VA loans have closing costs, much to the dismay of many that believe VA loans don’t allow closing costs. In many cases, someone other than the buyer pays the closing costs, which gives the loan the stigma that veterans don’t pay closing costs.
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In fact, veterans pay almost the same closing costs that anyone else pays on a regular mortgage. Yes, the VA does restrict the costs the buyer can be responsible for, but overall, the fees come out to about the same. The VA does allow the seller and/or lender to help veterans with their closing costs, but otherwise, the veteran must pay them.
Rolling the Costs Into the Loan
The only closing cost veterans can roll into their loan is the VA funding fee. The VA charges this fee every time you take out a VA loan. Typically, veterans pay 2.15% of their loan balance to the VA if they were in the regular military and 2.4% if they were in the Reserves or National Guard. This amount may decrease slightly if you put money down on the home.
If you put between 5% and 9.99% down on your VA loan, the amount decreases to 1.5% of your loan amount. If you put down 10% or more, you’ll pay 1.25% of the loan amount. Disabled veterans that the VA rated disabled won’t pay a funding fee and neither will surviving spouses of veterans that died while on active duty or as a result of their active duty.
Paying the Other Closing Costs
The other closing costs, of which there are many become your responsibility. The closing costs may include:
- Origination fee
- Discount points
- Appraisal fee
- Title fees
- Credit report fees
- Property taxes
- Homeowner’s insurance
- Prepaid interest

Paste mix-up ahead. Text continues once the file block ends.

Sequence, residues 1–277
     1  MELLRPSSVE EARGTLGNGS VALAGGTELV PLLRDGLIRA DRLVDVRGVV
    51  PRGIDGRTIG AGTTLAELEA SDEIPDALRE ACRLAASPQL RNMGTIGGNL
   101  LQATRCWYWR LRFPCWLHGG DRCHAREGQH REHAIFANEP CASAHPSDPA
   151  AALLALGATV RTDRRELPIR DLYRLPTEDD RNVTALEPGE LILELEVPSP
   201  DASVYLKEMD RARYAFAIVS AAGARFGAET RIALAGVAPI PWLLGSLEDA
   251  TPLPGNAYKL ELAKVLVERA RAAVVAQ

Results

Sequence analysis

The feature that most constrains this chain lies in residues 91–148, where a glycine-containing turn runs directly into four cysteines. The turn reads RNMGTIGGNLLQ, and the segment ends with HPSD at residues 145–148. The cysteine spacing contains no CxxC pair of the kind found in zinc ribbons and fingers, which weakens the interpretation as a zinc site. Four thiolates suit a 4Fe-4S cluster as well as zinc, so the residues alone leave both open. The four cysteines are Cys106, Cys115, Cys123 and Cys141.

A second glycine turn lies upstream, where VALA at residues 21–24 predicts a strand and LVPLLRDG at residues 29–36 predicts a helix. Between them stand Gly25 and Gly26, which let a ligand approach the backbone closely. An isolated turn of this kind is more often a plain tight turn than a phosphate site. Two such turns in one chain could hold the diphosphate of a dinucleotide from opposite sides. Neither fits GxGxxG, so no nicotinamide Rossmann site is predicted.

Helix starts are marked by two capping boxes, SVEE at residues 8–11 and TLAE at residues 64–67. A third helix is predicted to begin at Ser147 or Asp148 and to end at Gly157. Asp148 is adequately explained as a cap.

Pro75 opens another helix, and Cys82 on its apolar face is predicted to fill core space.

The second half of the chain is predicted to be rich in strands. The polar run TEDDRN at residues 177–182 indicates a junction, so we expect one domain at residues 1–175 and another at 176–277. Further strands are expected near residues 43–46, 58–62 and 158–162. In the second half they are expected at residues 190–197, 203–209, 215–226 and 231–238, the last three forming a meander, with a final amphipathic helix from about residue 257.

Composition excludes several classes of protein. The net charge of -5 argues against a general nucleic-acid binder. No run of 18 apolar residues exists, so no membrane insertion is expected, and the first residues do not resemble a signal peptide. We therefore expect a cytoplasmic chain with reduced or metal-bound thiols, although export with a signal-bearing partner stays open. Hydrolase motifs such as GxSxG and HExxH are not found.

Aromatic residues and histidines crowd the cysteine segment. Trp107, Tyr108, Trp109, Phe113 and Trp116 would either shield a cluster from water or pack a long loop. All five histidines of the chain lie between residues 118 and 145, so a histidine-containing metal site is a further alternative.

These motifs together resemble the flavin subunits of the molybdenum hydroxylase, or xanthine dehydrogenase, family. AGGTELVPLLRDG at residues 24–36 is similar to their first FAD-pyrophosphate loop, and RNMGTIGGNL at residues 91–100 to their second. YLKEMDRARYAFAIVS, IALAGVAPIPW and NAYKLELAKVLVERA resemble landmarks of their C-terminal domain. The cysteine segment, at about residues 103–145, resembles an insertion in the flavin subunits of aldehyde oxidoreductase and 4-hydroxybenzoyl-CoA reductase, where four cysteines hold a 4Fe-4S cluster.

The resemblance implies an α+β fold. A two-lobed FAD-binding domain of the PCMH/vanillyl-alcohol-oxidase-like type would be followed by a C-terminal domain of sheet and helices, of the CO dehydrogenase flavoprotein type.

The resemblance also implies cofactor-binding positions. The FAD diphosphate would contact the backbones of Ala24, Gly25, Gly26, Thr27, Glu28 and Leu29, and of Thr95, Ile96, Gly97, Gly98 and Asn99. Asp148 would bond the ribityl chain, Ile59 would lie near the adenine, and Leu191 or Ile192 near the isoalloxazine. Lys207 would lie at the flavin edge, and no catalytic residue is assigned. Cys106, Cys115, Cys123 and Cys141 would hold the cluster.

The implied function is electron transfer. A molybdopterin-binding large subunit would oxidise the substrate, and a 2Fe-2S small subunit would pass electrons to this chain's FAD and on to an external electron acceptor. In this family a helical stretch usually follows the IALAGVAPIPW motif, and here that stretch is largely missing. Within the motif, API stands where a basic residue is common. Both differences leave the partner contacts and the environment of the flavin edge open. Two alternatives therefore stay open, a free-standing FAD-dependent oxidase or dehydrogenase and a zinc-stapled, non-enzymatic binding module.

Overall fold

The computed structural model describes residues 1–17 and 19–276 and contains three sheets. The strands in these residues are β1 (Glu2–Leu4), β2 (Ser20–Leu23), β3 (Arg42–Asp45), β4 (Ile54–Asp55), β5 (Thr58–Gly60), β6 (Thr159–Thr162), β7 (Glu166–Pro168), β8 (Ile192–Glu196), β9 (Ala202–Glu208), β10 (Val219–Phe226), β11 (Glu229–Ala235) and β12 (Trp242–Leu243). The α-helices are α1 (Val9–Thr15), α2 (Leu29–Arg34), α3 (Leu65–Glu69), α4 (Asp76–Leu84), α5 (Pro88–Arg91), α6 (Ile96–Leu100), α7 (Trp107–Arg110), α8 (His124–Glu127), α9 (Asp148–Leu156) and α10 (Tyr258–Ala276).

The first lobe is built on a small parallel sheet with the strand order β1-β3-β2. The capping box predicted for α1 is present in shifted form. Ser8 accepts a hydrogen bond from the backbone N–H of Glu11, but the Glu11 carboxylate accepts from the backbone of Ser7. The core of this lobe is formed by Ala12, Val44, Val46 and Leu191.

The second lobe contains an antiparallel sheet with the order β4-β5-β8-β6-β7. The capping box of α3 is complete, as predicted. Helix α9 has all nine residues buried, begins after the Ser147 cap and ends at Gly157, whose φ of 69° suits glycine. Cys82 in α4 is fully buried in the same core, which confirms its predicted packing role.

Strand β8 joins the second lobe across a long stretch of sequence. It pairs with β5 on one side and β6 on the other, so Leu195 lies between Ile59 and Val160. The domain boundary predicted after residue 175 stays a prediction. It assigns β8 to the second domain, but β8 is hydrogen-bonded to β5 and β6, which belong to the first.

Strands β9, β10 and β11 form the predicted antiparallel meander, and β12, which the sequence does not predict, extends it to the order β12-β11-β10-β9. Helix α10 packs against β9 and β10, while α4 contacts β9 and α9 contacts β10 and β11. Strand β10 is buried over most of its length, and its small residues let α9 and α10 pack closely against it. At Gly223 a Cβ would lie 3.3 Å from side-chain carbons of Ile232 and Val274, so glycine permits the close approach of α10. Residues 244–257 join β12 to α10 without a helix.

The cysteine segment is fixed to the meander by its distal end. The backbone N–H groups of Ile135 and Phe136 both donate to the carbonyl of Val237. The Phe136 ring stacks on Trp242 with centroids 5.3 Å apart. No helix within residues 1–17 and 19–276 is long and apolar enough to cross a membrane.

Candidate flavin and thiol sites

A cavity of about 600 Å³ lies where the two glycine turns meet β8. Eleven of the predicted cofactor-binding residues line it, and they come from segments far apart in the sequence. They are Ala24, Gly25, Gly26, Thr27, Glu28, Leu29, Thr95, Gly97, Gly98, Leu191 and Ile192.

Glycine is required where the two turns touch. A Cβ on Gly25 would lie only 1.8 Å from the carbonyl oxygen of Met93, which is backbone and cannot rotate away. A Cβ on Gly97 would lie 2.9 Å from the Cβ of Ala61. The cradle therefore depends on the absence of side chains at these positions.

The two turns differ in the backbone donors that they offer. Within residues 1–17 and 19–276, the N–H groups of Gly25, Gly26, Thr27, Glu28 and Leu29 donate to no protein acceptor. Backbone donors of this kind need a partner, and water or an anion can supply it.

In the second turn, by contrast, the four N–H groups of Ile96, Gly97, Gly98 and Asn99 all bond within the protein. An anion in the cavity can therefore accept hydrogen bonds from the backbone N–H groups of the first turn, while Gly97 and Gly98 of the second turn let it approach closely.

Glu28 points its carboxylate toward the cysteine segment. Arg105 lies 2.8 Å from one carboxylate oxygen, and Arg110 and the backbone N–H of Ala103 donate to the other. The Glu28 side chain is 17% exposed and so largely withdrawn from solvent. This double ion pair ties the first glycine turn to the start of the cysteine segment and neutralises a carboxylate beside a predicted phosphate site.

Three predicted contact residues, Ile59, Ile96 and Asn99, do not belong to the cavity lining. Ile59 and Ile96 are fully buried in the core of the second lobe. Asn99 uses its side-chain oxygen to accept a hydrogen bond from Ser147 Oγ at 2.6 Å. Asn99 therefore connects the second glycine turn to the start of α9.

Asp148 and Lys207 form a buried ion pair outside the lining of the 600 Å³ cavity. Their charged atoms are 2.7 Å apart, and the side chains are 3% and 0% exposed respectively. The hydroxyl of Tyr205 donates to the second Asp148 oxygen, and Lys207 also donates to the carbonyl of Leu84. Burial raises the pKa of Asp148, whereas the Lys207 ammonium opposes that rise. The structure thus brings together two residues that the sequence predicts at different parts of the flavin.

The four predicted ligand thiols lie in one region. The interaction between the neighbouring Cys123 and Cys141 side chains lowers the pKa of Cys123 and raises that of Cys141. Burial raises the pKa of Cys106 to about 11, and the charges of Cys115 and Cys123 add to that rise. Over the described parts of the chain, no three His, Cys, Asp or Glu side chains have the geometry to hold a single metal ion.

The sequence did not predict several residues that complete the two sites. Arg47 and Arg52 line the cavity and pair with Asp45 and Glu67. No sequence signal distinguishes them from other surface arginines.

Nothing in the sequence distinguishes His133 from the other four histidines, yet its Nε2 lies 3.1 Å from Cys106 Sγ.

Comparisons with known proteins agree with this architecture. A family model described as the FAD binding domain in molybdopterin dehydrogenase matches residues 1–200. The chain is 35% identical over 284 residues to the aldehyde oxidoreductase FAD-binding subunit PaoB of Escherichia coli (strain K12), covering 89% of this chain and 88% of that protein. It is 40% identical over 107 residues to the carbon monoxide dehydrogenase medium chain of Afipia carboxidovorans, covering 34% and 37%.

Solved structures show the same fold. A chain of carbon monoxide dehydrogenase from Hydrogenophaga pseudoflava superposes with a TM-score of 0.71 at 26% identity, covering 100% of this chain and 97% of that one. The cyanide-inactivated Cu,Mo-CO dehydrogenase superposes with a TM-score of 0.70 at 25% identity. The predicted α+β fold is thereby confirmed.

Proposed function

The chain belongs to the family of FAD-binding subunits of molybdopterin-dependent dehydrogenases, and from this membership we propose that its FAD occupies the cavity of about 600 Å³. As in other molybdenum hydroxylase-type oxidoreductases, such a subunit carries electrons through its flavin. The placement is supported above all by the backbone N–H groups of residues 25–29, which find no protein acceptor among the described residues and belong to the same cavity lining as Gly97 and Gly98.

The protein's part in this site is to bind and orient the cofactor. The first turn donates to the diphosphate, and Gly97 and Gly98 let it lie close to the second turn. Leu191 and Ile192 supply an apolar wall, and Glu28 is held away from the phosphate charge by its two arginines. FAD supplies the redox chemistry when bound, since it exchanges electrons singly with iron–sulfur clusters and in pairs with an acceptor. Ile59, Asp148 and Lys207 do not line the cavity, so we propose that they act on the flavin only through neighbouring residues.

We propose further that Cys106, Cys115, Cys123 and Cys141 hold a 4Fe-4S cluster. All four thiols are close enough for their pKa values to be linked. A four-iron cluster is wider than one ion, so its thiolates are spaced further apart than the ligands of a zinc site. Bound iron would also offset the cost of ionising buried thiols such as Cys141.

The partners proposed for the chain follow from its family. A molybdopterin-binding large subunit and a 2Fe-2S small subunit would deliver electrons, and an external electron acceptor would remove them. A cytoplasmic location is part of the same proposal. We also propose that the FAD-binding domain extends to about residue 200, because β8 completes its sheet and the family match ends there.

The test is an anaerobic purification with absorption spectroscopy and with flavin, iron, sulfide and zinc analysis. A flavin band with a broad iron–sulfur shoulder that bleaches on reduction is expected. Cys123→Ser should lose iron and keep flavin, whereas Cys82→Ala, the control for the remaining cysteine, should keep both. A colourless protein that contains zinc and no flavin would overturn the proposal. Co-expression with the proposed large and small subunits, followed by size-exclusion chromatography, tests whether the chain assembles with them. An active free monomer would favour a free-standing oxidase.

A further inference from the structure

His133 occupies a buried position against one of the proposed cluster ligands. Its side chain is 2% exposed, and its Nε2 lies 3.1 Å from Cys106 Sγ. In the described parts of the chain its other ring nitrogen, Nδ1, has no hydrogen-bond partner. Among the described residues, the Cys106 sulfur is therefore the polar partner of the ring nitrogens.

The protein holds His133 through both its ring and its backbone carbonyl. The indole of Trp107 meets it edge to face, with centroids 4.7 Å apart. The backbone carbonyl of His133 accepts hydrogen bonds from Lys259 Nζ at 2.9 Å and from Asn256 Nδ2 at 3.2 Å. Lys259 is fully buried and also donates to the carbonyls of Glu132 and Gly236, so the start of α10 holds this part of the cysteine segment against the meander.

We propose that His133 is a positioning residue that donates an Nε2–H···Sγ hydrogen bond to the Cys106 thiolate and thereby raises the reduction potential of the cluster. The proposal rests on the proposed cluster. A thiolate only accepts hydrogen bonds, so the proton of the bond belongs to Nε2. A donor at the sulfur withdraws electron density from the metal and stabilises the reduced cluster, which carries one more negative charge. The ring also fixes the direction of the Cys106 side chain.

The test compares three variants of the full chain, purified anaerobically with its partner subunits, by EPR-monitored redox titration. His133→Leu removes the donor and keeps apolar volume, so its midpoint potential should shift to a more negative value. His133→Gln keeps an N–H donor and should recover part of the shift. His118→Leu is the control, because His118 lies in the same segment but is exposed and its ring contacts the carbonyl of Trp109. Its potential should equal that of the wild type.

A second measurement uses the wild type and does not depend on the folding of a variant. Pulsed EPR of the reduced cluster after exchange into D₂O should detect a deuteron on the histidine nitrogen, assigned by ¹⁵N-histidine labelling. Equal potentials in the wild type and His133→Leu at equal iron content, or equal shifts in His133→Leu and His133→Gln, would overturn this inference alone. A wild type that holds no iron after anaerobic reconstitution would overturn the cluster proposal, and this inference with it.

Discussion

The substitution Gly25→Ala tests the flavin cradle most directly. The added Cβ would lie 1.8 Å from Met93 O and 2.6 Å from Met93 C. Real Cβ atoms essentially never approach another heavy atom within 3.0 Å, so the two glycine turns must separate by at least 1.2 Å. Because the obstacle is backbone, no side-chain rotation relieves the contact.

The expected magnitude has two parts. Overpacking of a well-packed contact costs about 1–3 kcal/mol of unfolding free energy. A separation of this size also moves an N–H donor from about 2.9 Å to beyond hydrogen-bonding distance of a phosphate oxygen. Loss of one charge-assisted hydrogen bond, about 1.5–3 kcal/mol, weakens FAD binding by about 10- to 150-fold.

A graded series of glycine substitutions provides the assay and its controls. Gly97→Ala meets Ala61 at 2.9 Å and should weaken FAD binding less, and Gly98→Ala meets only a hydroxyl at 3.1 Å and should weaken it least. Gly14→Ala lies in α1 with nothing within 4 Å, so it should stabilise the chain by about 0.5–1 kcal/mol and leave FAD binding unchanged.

- HOA fees
Now these fees are your responsibility, but the seller can pay them too. If you negotiate with the seller at the time that you sign the contract, they may be willing to cover your closing costs if your bid was close to the market value of the home. Sometimes sellers get more than they anticipated for the home and are willing to cover your closing costs for you to make sure that your loan goes through to the closing.
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The seller is able to cover all of your closing costs. They can also contribute up to 4% of the loan amount in seller concessions. These are fees that aren’t related to your loan closing, such as property taxes, homeowner’s insurance, and HOA fees. Seller concessions also include bonuses the seller might leave behind, such as appliances or window treatments. Sellers can also pay off any judgments or liens that may be hindering your approval.
Making Sure the Closing Costs Fit
One of the things you have to be careful about is the value of the home. The VA won’t let you borrow more than 100% of the home’s value. If you bid $150,000 on a home, but need help with $5,000 in closing costs, the seller will ask that you offer $155,000 and then the seller will credit the $5,000 at the closing. But, if the home is only worth $150,000, you won’t be able to get the help with the closing costs.
An Alternative to Rolling Your Costs into the Loan
One other option you have to get help with your closing costs is to ask the lender. That’s right, lenders can pay your closing costs for you. In exchange for them paying your closing costs, the lender will charge you a higher interest rate. Typically, they charge an extra 0.5% to cover your closing costs.
If you are going to stay in the home for a long time, taking the higher interest rate may cost you too much. But if you know this home is only a temporary purchase, paying the higher interest rate for a short time will likely cost you less than the closing costs would have cost you.
While you can’t roll your closing costs into your VA loan, you have two other options to make your VA loan more affordable. Talk to your lender and/or seller about your options to see what you can do about getting your closing costs covered.
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